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Why are Americans still uncomfortable with atheism?

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By Casey CEP

It is very important to know what unbelievers(atheists)in America, believe when they use the terms like « God bless you » or « In God we Trust »(Constitution) while some believers use atheism to discredit other minority of thinkers.

At the beginning

Daniel Seeger was twenty-one when he wrote to his local draft board to say, “I have concluded that war, from the practical standpoint, is futile and self-defeating, and from the more important moral standpoint, it is unethical.” Some time later, he received the United States Selective Service System’s Form 150, asking him to detail his objections to military service. It took him a few days to reply, because he had no answer for the form’s first question: “Do you believe in a Supreme Being?”

Unsatisfied with the two available options—“Yes” and “No”—Seeger finally decided to draw and check a third box: “See attached pages.” There were eight of those pages, and in them he described reading Plato, Aristotle, and Spinoza, all of whom “evolved comprehensive ethical systems of intellectual and moral integrity without belief in God,” and concluded that “the existence of God cannot be proven or disproven, and the essence of His nature cannot be determined.” For good measure, Seeger also used scare quotes and strike-throughs to doctor the printed statement he was required to sign, so that it read, “I am, by reason of my ‘religious’ training and belief, conscientiously opposed to participation in war in any form.”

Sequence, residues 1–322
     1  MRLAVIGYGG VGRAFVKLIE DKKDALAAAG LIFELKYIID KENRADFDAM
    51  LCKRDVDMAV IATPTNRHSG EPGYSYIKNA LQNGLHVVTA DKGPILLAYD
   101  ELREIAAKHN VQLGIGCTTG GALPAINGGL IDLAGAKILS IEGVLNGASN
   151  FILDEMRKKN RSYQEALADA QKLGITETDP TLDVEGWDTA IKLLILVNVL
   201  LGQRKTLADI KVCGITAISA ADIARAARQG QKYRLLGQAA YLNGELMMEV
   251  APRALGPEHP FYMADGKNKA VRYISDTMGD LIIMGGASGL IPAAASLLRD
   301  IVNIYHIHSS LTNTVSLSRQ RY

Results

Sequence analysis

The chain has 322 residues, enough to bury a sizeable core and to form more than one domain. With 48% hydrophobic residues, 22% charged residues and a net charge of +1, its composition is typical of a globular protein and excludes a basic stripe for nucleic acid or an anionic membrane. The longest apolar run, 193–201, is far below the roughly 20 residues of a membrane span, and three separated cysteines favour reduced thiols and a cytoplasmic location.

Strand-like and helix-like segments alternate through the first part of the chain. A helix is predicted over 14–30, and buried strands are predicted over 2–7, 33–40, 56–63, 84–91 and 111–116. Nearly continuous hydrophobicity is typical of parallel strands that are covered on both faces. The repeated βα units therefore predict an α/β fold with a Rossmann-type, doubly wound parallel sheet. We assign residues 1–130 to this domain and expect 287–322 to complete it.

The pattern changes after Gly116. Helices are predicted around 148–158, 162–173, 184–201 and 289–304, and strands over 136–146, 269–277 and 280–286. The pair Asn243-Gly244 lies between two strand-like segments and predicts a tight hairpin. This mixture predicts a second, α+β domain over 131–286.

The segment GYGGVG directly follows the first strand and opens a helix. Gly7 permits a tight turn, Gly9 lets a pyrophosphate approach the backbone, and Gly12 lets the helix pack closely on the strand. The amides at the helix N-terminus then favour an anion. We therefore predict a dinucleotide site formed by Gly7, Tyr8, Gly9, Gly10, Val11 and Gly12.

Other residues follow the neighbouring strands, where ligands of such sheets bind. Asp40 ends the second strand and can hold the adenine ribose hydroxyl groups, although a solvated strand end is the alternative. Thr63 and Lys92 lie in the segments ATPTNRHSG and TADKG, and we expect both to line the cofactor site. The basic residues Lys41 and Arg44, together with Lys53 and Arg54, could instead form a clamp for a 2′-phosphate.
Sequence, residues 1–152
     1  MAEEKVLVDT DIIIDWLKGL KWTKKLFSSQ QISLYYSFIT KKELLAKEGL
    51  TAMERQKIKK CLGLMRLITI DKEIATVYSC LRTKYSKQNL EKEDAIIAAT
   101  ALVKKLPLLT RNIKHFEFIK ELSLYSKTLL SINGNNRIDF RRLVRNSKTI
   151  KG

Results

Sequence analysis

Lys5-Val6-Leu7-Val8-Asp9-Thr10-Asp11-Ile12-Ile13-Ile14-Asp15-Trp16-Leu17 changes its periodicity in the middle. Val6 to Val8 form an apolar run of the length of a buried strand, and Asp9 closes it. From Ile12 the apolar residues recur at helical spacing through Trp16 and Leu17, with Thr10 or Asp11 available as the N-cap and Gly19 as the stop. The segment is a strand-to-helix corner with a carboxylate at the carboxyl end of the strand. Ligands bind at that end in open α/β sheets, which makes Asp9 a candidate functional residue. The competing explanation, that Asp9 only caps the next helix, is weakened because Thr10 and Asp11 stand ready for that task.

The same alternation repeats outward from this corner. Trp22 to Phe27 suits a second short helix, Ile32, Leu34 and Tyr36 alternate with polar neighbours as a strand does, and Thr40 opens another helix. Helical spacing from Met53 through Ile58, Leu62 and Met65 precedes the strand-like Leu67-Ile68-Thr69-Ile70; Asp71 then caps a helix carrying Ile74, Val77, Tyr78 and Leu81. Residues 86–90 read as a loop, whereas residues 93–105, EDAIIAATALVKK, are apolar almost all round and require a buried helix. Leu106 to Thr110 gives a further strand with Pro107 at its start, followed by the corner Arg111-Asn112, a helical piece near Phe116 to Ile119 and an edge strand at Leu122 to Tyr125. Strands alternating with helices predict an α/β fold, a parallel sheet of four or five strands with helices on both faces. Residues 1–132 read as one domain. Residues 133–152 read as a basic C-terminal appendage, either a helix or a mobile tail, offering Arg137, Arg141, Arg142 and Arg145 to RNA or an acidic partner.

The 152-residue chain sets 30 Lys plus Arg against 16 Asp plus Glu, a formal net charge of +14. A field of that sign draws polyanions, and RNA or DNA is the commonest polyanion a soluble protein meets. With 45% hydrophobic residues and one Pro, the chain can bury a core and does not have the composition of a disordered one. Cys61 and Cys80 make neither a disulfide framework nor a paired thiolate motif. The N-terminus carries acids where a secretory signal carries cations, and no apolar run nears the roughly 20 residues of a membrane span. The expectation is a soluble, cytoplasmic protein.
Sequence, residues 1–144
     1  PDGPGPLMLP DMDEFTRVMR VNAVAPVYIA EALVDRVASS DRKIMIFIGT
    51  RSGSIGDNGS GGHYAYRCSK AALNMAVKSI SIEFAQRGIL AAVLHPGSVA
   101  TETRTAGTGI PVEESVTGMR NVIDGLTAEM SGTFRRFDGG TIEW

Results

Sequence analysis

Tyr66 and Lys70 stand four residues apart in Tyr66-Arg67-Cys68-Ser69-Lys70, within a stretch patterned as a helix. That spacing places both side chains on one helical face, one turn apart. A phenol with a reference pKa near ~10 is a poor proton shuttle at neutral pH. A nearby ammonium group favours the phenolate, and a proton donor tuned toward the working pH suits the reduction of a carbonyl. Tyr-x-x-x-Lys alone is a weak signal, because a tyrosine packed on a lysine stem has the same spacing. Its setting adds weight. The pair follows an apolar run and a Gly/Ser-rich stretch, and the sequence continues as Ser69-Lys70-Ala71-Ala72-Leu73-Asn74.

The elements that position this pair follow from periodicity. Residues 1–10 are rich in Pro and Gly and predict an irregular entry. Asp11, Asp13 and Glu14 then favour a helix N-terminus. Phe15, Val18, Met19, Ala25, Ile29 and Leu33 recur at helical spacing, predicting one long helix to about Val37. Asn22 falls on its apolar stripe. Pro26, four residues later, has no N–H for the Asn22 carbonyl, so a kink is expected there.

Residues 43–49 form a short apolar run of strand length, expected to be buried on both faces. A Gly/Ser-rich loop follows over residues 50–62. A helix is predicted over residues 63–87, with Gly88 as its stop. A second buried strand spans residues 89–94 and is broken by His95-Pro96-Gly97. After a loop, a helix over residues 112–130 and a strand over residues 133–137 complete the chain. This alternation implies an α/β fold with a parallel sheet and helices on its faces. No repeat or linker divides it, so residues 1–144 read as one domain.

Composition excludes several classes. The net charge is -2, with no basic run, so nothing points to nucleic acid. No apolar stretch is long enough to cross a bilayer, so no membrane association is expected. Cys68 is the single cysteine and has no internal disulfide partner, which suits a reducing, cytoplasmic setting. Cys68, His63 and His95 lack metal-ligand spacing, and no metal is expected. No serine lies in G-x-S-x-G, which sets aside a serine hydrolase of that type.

By the time Seeger submitted his form, in the late nineteen-fifties, thousands of conscientious objectors in the U.S. had refused to fight in the two World Wars. Those who belonged to pacifist religious traditions, such as Mennonites and Quakers, were sent to war as noncombatants or to work as farmers or firefighters on the home front through the Civilian Public Service; eventually, so were those who could prove their own independent, religiously motivated pacifism. Those who could not were sent to prison or to labor camps. But while Selective Service laws had been revised again and again to clarify the criteria for conscientious objection, they still did not account for young men who, like Seeger, refused to say that their opposition to war came from belief in a Supreme Being.